The UAE-owned Al Amal probe is preparing to reach orbit around Mars today, Tuesday, after being launched from Earth last year.
For the mission managers in Dubai, it is a nerve-wracking climax in the UAE’s first mission to deep space.
And if the Hope probe succeeds in surveying the Martian atmosphere, the Emirati cabinet hopes the mission will also inspire a new science and technology sector, as the Gulf state looks to transform its economy from dependence on oil.
The Hope probe was launched from the Tanegashima Space Center in Japan last July when Earth and Mars aligned in their orbit around the sun.
Having traveled more than 300 million miles, the probe is scheduled to carry out a complex and fully autonomous maneuver called the Mars Orbit Insertion at 7:30 pm UAE time.
The Mission Control Center in Dubai will not know if the Mars Orbit Insertion exercise began until 7:42 pm UAE time due to a 22-minute round-trip communications delay via NASA’s Deep Space Network.
Real-time manual control is impossible, so the probe needs to perform this orbital maneuver on its own.
The maneuver requires the probe to slow its cruising speed from 121,000 kilometers per hour to 18,000 kilometers per hour in order to safely enter the capture orbit around Mars.
During the maneuver, half of the fuel in the tanks of the probe is burned in order to slow it down to the point that it enters the capture orbit.
The fuel burns using the Delta-V inverter propulsion engines last 30 minutes to slow the probe.
This maneuver should allow the probe to be placed in a capture orbit around the red planet, and after five minutes, mission managers lose contact with the probe as it flies around the far side of Mars, and radio signals are cut off for about 15 minutes.
Sarah al-Amiri, deputy project director for the UAE mission to explore Mars, said: “It has been trained enough times, and we thought about every scenario that might go right or wrong, and it was programmed into the chain of command.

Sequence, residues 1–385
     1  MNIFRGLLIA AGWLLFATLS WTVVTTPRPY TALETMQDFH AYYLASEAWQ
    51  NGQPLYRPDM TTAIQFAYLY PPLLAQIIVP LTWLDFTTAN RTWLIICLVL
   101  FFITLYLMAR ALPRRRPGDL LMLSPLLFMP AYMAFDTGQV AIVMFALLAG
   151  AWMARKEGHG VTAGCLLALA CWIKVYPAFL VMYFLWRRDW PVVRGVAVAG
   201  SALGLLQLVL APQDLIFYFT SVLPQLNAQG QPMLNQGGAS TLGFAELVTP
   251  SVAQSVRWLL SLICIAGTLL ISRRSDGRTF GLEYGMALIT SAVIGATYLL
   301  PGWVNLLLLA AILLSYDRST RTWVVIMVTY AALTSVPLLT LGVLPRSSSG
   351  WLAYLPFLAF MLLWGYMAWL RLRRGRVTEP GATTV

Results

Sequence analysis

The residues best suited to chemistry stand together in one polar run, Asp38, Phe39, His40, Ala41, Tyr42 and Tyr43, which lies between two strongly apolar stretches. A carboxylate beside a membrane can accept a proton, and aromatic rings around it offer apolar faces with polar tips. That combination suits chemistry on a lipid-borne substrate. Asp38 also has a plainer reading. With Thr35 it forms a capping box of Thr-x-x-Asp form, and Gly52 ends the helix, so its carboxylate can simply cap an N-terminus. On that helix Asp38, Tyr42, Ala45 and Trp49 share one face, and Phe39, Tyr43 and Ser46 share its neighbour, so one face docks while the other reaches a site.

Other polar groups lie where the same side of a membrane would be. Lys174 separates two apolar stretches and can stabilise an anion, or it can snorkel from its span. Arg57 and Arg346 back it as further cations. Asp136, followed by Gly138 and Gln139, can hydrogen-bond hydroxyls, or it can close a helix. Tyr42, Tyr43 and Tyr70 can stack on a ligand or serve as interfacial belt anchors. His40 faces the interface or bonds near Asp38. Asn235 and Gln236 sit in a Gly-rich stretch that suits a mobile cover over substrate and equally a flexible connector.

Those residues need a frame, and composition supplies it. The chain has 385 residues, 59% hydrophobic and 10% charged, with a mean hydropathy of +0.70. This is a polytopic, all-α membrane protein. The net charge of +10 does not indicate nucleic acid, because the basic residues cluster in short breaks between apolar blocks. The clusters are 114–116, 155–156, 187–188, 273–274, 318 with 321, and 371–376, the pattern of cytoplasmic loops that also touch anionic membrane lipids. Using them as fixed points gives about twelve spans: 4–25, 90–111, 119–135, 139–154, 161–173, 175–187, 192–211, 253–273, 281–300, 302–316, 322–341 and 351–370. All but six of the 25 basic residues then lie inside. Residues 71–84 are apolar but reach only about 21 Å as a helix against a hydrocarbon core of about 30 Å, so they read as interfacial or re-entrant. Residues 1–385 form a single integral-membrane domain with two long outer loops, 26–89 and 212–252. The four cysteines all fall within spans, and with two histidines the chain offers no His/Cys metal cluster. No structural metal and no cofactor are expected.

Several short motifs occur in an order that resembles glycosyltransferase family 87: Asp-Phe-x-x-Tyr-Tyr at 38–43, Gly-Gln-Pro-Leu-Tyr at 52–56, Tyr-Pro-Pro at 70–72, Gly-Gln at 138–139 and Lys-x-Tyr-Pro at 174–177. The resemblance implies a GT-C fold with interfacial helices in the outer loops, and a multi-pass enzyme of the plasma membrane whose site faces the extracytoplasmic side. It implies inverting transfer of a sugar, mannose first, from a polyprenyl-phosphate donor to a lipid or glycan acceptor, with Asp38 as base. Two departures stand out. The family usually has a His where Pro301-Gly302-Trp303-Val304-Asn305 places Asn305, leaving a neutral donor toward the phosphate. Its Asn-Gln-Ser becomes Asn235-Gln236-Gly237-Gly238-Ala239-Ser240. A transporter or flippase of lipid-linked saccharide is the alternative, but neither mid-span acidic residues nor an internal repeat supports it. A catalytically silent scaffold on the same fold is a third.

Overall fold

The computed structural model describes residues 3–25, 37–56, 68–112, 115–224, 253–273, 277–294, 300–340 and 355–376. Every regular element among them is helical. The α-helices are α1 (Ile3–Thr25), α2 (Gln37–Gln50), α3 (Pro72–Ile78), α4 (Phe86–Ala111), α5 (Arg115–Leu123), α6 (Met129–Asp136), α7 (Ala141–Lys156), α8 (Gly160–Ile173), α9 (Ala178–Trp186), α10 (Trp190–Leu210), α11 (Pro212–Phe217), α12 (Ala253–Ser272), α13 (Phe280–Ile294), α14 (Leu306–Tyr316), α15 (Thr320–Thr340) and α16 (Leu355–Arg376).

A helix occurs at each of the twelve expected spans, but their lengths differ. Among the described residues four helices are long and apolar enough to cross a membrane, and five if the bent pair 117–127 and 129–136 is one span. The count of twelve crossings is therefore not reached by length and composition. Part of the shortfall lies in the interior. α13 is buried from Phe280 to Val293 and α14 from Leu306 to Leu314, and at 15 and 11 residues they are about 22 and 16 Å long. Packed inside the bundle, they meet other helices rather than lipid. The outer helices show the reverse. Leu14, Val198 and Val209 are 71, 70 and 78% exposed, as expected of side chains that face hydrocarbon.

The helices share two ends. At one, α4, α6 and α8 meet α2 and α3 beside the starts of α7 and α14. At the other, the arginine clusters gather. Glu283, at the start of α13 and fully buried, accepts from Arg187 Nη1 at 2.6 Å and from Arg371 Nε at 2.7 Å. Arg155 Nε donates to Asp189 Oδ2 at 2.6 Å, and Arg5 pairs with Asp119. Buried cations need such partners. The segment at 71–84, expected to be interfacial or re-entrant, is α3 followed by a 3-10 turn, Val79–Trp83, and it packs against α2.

Over the past six years, the Hope Probe mission team of 450 has designed and tested the spacecraft in preparation for the mission.
If all goes well, the mission of the Hope Probe will make the UAE the fifth space-faring power to reach Mars, after the United States, the Soviet Union, the European Space Agency and India.
Over the next two months, the probe will carry out some other maneuvers to move to a closer orbit around Mars, and this will be key to carrying out its main goal of surveying the Martian atmosphere and capturing an integrated picture of the Martian atmosphere and weather.
The probe should orbit Mars every 55 hours and take a complete snapshot every nine days.
And is account The UAE mission to explore Mars, via Twitter, posts updates throughout the mission, while hosting the UAE space agency Live broadcast To control the mission in Dubai starting at 6 pm UAE time before the maneuver begins at 7:30 pm UAE time.
Direct coverage pic.twitter.com/zrTIBYzBJs
– Hope Mars Mission (@HopeMarsMission) February 9, 2021